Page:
He feels that marriage is already challenging, so that “disturbed people” have an especially difficult time adjusting to marriage. People tend to enter marriage with unrealistic expectations, and people who hold the kinds of dysfunctional beliefs that REBT treats have an especially difficult time tolerating the violation of those expectations.
The volatility of their negative reactions can easily eclipse and eventually destroy the positive aspects of the relationship and of their partner. Add to this any periods of increased pressure or stress, and neurotic traits may become amplified. Should the partners tend to have low expectations of each other, yet have perfectionistic expectations, as is typical of those bearing dysfunctional beliefs, then all the troublesome dynamics whether typical of a relationship or, worse, part of a difficult relationship, are amplified further.
In treating couples, Ellis may isolate a specific behavior, such as blaming, that is impairing the relationship, and then unearth the “assumptions that create and perpetuate the hostile feelings.” (Ellis, 1993) This highlights the directness of REBT, and fidelity of its theory with practice.
In addition to confronting neurotic assumptions, the patient’s work in REBT includes sincerely struggling with the question of how the patient can be different, that is, more effective, instead of maintaining a self-defeating focus on how their partner is imperfect.
Continued Evolution of REBT
Increasing Knowledge on When to Apply REBT
In addition to the more obvious applications, CBT approaches such as REBT can be applied in situations in which psychodynamics are not an obvious cause of emotional imbalance. There may be any number of subtle or not so subtle dysfunctional thought patterns posing obstacles to fully embracing a treatment plan for a medical or psychiatric disorder that is not being directly treated with REBT.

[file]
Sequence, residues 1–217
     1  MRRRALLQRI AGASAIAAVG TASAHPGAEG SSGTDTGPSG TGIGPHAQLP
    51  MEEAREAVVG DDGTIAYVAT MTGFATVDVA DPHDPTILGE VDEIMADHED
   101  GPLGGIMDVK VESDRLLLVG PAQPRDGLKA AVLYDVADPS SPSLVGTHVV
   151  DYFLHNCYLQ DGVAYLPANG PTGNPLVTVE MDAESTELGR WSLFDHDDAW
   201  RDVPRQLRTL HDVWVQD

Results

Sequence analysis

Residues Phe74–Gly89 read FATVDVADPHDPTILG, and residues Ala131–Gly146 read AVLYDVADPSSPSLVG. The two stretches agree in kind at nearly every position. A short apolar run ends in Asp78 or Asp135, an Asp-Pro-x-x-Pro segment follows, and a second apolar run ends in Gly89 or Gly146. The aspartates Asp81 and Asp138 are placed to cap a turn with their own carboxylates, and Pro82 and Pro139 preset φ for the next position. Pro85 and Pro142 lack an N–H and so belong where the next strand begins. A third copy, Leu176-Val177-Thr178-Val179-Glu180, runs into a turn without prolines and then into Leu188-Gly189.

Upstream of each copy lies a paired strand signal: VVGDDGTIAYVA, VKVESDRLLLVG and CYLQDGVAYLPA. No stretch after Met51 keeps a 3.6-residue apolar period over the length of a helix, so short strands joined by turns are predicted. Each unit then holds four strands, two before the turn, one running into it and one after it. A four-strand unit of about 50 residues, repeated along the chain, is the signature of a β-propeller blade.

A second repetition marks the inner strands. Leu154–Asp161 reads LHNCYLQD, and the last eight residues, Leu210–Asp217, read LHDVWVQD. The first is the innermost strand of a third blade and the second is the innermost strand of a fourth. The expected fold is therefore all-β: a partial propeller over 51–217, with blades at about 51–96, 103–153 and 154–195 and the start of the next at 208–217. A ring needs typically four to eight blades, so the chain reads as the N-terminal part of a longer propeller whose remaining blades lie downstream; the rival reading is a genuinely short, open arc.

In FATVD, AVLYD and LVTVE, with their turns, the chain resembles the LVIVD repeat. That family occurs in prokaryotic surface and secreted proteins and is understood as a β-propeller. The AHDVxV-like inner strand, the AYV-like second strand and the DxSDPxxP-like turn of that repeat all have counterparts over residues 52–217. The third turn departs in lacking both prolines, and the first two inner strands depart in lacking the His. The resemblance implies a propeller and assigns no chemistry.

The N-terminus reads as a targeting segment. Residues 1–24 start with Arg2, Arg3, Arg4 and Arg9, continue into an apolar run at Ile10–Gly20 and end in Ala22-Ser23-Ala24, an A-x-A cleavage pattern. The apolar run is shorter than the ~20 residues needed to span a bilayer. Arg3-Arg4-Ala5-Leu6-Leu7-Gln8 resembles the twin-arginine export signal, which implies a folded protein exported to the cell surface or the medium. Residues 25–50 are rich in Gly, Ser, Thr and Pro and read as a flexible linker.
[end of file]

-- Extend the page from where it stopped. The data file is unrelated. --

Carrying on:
For example, persons with schizophrenia tend to have great difficulty accepting the nature of their diagnosis and the value of medication. Those who do are vulnerable to depression. REBT methods have been employed to assist patients in complying with treatment recommendations and leading happier lives.
REBT has more direct and immediate success with emotional and behavioral problems that originate less in biological disorders or truly threatening situations. People are less likely to have irrational beliefs fueling a fear of heights (a relatively threatening situation) than they are of social situations that are not inherently physically threatening. (Sutton-Simon, 1979)
Additionally, Ellis pointed out that Sutton-Simon theorized that while discomfort anxiety may tend to arise more directly from specific situations, ego anxiety may be more generalized because it pertains more to the person, with less dependence on context. (Ellis, 1990).
Opportunities for Integration and Expansion
Biology of Mental Disorders
Given the effectiveness of REBT with many populations, and given its adjunctive value with disorders that are now conceived as having a more biological than neurotic basis, the developing biological understanding of mental disorders does not so much undermine REBT as put it into perspective. It will probably lead to modifications of CBT for many disorders, as well as support the use of alternate methods for some disorders.
While REBT claims to embrace a biopsychosocial model, it does not have the ability to cure biological problems, and its theory of the causality of mental disorders that it treats is almost exclusively from thought to disorder. It does not incorporate a neurobiological vulnerability model of illness. However, a modern understanding of the biology of depression and other disorders is undermining the fundamental assumption of REBT where many disorders are concerned, including those that it treats.
For example, depression has been shown to cause or increase irrational thinking and even lead to psychosis. Medication can improve thought patterns of depressed people who did not experience CBT.
The anxiety, depression, avoidance and other symptoms of PTSD resemble problems that REBT would treat. Thought patterns resembling irrational core beliefs correlate with vulnerability to PTSD. CBT has been shown to be of benefit in PTSD. However, the integration of somatic approaches (EMDR, psychopharmacology) in PTSD treatment, and the fact that biologically-based mental illnesses predispose people to PTSD, suggest that REBT is not a cure for PTSD, but can be an important component of treatment. CBT is an important aspect of EMDR causing it to be called a somatic and a cognitive behavioral therapy.
Comorbidity clusters point to genotypes and other biological factors in vulnerability to depression and anxiety. (Solvason, Ernst & Roth, 2003) The existence of mental disorders in animals that resemble conditions treated by REBT suggests that thought patterns are not a prerequisite for these conditions. Learned helplessness was first observed in animals.